WHO IS ANTONIO?
Antonio is a duck-billed dinosaur (hadrosaur).
Scientific name: Tethyshadros insularis.
WHY IS HE CALLED ANTONIO?
At the time of the excavation, there were two experts who worked on the Paleontological site; professor Antonio Brambati, director of the Faculty of Geology of Trieste and dr. Antonio Klingendrath, technical director. Naturally, their name was instantly associated with the excavation and the idea of naming the dinosaur that was being mined after them as a way to pay them respect, was approved by everyone.
HOW LARGE IS HE?
Antonio is 4 meters long and about 130 cm high.
HOW OLD IS HE?
Geologically speaking, he is over 70 million years old. As a specimen, he is certainly an adult, but, at least for now, we cannot be more specific about his actual "age".
HOW MUCH DOES HE WEIGH?
Approximately 400 kg.
WHERE WAS HE FOUND?
Antonio was found in the largest Italian paleontological site; in the Villaggio del Pescatore (the Fisherman's Village), a province of Trieste.
WHAT KIND OF ENVIRONMENT DID HE LIVE IN?
The latest information that the dinosaurs of Villaggio del Pescatore have provided, leads to believe that the coastal transition zone between fresh and salt water had geological structures similar to the "blue holes" (the famous Yucatan cenotes). Structures like these usually form in limestone environments, therefore we can imagine vast areas of emerged lands that connected with the warm, shallow sea and coastal karst lakes; this is the type of environment the dinosaurs probably once roamed.
IN WHAT CLIMATE DID HE LIVE?
Back then, the climate was tropical or sub-tropical, much warmer than it is currently.
WHAT DID HE EAT?
He was an herbivorous dinosaur, which means he ate vegetables that he tore with his robust beak and shredded with the well-developed chain of teeth. He, however, did not eat "grass" because the grass as we know it today was not there at the time.
WHEN WAS HE FOUND?
The discovery of the first fossil remains inside the paleontological site at the Villaggio del Pescatore dates back to the late 1980s and was made by some paleontology enthusiasts.
At first, these findings were not recognized as dinosaurs’, but they did start a series of excavation campaigns in the early 1990s. During this time a complete pair of articulated legs were discovered and in the year 1994, professor Eric Buffettaut of the CNRS in Paris identified them specifically as dinosaur bones of the hadrosaur family. In the same year, another outcrop of bones belonging to a dinosaur front leg was found right on the surface during a geological survey of the area by a student of Geological Sciences of the University of Trieste. Unlike with the first find, this time the rest of the skeleton was neatly encased in the rocky structure; that was the time the hadrosaur, now commonly known by the name of Antonio, was identified.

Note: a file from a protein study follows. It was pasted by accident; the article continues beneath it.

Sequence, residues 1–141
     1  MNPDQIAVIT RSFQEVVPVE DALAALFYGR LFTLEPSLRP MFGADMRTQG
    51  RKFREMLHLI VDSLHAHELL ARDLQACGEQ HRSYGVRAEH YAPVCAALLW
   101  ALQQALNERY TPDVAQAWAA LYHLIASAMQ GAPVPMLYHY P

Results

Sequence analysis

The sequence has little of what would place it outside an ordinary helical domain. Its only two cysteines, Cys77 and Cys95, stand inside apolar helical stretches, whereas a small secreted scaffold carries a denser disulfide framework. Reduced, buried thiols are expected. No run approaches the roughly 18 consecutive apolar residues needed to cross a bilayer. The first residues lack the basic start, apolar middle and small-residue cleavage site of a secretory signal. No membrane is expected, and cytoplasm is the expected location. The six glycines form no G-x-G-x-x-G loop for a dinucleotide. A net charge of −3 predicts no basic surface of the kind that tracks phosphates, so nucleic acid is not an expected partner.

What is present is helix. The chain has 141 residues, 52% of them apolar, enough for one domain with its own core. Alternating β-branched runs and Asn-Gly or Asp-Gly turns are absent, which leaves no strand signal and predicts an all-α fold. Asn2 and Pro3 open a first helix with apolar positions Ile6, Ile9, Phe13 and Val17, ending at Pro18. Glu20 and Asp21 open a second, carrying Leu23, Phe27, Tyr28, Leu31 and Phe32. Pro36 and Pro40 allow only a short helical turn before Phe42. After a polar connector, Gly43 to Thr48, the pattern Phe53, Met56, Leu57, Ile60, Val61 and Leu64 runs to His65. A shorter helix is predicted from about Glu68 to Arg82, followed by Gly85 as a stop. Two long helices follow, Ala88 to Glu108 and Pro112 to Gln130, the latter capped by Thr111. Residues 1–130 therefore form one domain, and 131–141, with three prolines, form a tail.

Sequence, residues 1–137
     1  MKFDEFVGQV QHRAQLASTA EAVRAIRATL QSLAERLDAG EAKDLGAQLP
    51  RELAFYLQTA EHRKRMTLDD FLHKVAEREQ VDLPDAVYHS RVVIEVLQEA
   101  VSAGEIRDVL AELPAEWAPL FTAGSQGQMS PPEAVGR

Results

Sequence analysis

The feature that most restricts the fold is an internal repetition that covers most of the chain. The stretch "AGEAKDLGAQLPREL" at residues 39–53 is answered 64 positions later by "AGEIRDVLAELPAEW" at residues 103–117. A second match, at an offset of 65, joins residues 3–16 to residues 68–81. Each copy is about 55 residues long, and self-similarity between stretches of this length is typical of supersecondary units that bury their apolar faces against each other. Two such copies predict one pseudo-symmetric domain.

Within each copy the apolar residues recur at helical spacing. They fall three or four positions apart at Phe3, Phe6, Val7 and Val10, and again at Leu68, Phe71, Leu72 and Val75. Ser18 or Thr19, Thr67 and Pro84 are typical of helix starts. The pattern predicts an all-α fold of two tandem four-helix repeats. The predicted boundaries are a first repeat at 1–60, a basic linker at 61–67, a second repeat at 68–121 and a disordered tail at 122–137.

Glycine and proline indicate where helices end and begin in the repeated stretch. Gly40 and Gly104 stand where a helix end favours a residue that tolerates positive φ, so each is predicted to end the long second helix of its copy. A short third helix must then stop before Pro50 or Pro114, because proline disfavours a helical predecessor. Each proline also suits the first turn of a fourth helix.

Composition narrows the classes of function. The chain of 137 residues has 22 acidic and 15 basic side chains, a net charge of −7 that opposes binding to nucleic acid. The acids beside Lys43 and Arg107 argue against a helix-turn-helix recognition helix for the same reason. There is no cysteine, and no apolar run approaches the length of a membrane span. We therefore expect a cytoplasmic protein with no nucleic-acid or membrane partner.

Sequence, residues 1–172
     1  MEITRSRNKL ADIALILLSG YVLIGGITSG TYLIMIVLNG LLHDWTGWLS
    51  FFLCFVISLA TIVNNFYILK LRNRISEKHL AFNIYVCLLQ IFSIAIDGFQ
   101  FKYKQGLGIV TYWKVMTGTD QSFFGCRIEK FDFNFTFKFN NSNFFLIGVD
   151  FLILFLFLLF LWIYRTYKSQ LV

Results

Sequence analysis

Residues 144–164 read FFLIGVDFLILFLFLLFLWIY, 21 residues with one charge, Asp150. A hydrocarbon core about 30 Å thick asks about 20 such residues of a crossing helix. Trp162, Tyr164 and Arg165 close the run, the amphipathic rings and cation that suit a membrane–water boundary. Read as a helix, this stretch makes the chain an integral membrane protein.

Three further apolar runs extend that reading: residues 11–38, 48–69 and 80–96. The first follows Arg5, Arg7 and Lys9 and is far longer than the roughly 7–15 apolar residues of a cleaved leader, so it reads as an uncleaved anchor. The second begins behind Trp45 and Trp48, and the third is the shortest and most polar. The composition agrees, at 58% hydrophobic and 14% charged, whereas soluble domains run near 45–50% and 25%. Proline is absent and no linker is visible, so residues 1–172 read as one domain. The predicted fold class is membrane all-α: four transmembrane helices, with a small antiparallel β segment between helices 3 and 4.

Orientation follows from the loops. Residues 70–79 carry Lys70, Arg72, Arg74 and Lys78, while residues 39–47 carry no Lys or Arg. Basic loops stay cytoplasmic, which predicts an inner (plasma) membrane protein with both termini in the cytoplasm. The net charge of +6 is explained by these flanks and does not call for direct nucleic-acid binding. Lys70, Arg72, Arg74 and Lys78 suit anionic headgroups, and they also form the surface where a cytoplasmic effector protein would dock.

IS THE SKELETON WHOLE?
Apart from a few parts, which are naturally missing due to the surface erosion of the reservoir, the dinosaur is 90% complete.
IS THE SKULL COMPLETE?
Antonio's skull is 90% complete.
HOW LONG DID IT TAKE TO PREPARE IT?
Antonio's extraction needed countless hours to be properly executed. The excavation on the field took place between 1996 and 2000, where it was necessary to remove about 430 cubic meters of rock just to get to the blocks containing the skeleton. Total hours put into this specimen have been estimated at 3,710; including excavation, handling and preparation in the laboratory.
HOW WAS IT PREPARED?
The preparation was accomplished with the use of formic acid diluted to 5%. Through specifically made equipment, the water and acid solution hit the limestone matrix leaving the bone part intact. After each step, the process was stopped to impregnate the emerged bone with substances that stabilized it and allowed the extraction of the complete skeleton in basically perfect condition.
HAS ANTONIO PROVIDED NEW DATA FOR SCIENCE?
WHO PREPARED ANTONIO'S SKELETON?
Antonio was prepared by the company Stoneage of Trieste which was overlooking all the steps of Antonio's extraction and processing. Under the directives of the superintendence for Archaeological Heritage and Landscape of Friuli Venezia Giulia, it was possible to complete the work in the year 2000.
WHO DOES ANTONIO BELONG TO?
From 1939, all the fossils are owned by the Italian State and are under the protection of the local superintendence.
WHERE IS THE ORIGINAL ANTONIO SKELETON?
Antonio's original skeleton is exhibited at the Museum of Natural History in a room that was set up especially for him.
Technical director: Dr. Flavio Bacchia
Paleontological restoration: Tullio Perentin, Paolo Cinquemani, Giorgio Noliani
Editing: Roberto Cherin
ANTONIO’s SCIENTIFIC DATA:
SPECIES: Thethysadros insularis
REGION: Friuli Venezia Giulia
MUNICIPALITY: Duino Aurisina
LOCATION: Villaggio del Pescatore